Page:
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If walls could talk

Northern Ireland is regarded as one of the most successful 'post conflict' societies in the world. The reimaging of Belfast as a 'post conflict' city tends to gloss over these persistent divisions. This book provides a thought provoking and comprehensive account of teenagers' perceptions and experiences of the physical and symbolic divisions that exist in 'post conflict' Belfast. Despite Northern Ireland's new status as one of the most successful examples of the resolution of what was once seen as an intractable conflict, the peace walls which separate Protestant and Catholic areas remain in place. The book examines the micro-geographies of young people and draws attention to the social practices, discourses and networks that directly or indirectly (re)shape how they make sense of and negotiate life in Belfast. It focuses is on the physical landscape enclosing interface areas and the impact that it has on the perceptions and actions of young people living in these areas. The book explores how physical divisions are perceived and experienced by young people who live in interface areas and how they view the architecture of division. It pays attention to the impact of place on teenagers' social relations within and between the localities in which they reside. The city centre of Belfast epitomises the city's status as a 'post conflict' city. A recurring argument is that identity does not exist 'out there'. The book shows how social relationships are inherently spatial and how identities are influenced by place and impact on it.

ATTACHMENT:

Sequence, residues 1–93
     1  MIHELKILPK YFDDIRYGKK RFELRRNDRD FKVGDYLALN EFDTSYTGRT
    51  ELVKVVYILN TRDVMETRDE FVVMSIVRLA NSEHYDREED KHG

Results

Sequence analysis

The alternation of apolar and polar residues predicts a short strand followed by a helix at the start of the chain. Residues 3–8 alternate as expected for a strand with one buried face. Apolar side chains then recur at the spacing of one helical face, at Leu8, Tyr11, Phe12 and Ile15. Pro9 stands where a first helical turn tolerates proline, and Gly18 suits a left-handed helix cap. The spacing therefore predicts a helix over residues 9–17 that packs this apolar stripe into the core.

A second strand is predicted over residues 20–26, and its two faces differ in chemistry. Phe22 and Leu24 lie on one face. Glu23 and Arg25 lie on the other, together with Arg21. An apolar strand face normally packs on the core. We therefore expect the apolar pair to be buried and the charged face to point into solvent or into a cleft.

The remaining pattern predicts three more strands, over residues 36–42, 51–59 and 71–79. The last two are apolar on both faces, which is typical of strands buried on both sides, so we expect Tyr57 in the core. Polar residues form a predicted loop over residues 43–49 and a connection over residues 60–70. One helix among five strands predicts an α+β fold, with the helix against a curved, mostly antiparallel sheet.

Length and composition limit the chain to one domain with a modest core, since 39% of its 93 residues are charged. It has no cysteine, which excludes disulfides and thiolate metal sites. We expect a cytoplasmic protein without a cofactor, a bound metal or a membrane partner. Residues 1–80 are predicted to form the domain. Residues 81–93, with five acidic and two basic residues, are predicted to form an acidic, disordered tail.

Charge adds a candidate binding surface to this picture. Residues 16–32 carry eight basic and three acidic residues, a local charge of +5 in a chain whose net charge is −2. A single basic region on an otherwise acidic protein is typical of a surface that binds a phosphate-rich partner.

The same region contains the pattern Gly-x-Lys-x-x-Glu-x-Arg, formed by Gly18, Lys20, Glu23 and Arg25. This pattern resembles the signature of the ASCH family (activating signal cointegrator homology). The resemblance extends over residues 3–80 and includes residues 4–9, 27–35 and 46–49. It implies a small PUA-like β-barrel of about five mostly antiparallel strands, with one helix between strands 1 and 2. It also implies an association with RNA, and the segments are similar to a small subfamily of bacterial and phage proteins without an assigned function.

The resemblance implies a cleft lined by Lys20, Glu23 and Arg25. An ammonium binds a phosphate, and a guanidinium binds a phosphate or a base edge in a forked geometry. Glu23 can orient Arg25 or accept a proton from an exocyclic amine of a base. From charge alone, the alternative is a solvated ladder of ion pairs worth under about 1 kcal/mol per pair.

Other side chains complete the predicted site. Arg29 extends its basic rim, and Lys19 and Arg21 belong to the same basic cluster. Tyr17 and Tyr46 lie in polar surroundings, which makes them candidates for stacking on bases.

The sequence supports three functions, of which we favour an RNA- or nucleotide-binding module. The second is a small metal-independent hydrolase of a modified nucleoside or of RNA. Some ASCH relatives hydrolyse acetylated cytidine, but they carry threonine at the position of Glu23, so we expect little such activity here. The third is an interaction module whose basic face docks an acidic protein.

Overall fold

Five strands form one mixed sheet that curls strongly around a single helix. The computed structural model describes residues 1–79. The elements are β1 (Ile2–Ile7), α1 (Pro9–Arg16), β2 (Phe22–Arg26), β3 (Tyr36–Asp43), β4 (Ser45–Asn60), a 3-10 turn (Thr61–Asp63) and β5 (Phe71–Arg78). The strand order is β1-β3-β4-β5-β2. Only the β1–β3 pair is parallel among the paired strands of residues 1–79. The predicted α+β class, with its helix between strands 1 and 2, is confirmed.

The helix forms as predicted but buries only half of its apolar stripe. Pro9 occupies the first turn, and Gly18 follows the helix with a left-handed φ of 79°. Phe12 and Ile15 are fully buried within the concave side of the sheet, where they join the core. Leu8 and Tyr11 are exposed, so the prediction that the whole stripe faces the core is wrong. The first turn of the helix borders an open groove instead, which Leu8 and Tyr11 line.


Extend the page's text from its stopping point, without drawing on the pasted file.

Abstract only
Madeleine Leonard

Belfast as a pluralistic, cosmopolitan, modern and neutral city. Their perceptions and experiences of ‘post conflictBelfast clash with the more popular dominant discourses and hence often receive little local, national or international coverage. The purpose of this book is to visit some of these neglected communities and articulate the voices, perceptions and experiences of the young people who live and

in Teens and territory in ‘post-conflict’ Belfast
Everyday life in interface areas
Madeleine Leonard

effects. As Shirlow ( 2008 : 73) points out, ‘state expenditure, in particular on the riverfront, and the use of funds to create a modern cityscape clearly benefit a middle-income group who suffered less than their working-class counterparts who bore and bear the brunt of violence and who cannot easily afford the benefits of opulent living’. In a similar vein, Murtagh ( 2008 ) argues that post-conflict Belfast is in fact becoming a

in Teens and territory in ‘post-conflict’ Belfast